Focused Beam at XFP
Tightest focus achieved: ~120 x 450 um. Alexa dose response rate shown for beam with 76 microns of aluminum attenuation (sample is 10 mM Sodium Phosphate buffer pH 7.4).
The current standard beamline apparatus available for use supports capillary flow experiments (generally 200 µm ID capillary), with a nominal sample volume of 50-100 µL per exposure and exposure times ranging from 75 microseconds to 2 milliseconds. Equipment currently in advanced stages of commissioning will support high-throughput low-volume (5 µL) steady state sample exposure from -30 °C to 45 °C (exposure times >10 ms), millisecond time scale time-resolved experiments, and multi-pump/syringe pump large volume (up to 60 mL) or continuous flow sample exposure, including live cell culture experiments with in-line incubator and fraction collector. Samples concentrations are generally in the range of 100 nM - 10 µM.
How to Become a User at XFP
The CSB provides comprehensive beamline user support for research projects conducted by academic, government and industrial institutions. This support includes consultation on experimental design and sample preparation, assistance and training in submission of good beamline proposals, performing the experiments at the beamline, and an introduction to data analysis. Collaborations with beamline staff and/or additional experts in the Center may be available to enhance your program. XFP is now accepting General User proposals for use of the capillary flow apparatus. If you would like to use the equipment still in commissioning, please contact us to discuss your proposal. To submit a proposal, go to https://www.bnl.gov/ps/userguide/ and click on the “apply for beamtime” link on the righthand side. All proposals are reviewed by a panel, rated against all other proposals received and allocated time accordingly; expect that this process will resilt in assigned beamtime approximately 3-6 months after the proposal is submitted. Starting Summer 2017, we expect that a few days of beamtime will be set aside for “rapid access” beamtime, where a proposal and beamtime turnaround time can be as short as 2 weeks. The pilot run for this service will be limited and will be allocated on a first-come-first-served basis initially. Mail-in collaborations are also available; please contact the lead beamline scientist (Jen Bohon) for details. Please click the links below for details on the current schedule.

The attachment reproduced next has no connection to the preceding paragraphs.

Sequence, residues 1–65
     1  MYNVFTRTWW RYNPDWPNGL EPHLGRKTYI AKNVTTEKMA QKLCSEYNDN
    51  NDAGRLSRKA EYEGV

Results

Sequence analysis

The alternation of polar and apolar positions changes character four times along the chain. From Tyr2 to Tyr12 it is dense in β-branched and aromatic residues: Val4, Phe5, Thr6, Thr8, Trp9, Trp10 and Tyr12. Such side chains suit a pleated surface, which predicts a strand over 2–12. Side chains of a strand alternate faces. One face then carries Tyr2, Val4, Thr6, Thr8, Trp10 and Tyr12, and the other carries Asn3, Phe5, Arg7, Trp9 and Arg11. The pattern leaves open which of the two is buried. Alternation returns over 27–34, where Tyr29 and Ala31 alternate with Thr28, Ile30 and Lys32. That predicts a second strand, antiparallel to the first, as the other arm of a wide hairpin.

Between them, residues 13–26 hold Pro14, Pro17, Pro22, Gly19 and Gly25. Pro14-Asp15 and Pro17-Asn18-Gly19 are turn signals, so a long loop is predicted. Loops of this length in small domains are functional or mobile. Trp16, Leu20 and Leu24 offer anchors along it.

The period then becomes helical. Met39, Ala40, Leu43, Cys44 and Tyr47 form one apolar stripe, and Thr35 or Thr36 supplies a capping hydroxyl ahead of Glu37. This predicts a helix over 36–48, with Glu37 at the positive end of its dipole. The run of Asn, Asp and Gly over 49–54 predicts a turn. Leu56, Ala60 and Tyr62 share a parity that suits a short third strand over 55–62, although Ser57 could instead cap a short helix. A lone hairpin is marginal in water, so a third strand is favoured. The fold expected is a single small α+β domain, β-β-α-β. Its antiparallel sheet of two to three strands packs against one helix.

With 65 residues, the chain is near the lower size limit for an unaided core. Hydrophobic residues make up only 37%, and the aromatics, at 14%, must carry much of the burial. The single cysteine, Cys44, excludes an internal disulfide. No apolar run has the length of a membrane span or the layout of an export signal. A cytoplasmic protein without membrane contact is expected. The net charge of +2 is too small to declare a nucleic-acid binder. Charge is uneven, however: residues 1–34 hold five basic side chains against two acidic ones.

West Coast Footprinting
The CSB is working with the Physical Biosciences Division at Lawrence Berkeley National Laboratory to help expand access to X-ray synchrotron footprinting to the West Coast. Beamlines 3.2.1 and 5.3.1 at the ALS now provide X-ray footprinting services, with nominal apparatus provided onsite. Results of a comparative study of beamline capabilities at these ALS beamlines, as well as beamlines at other synchrotron facilities around the country, are shown below (Bohon et al. 2014 JSR 21, 24-31: doi:10.1107/S1600577513024715). To schedule footprinting experiments at ALS, please contact Sayan Gupta (email@example.com).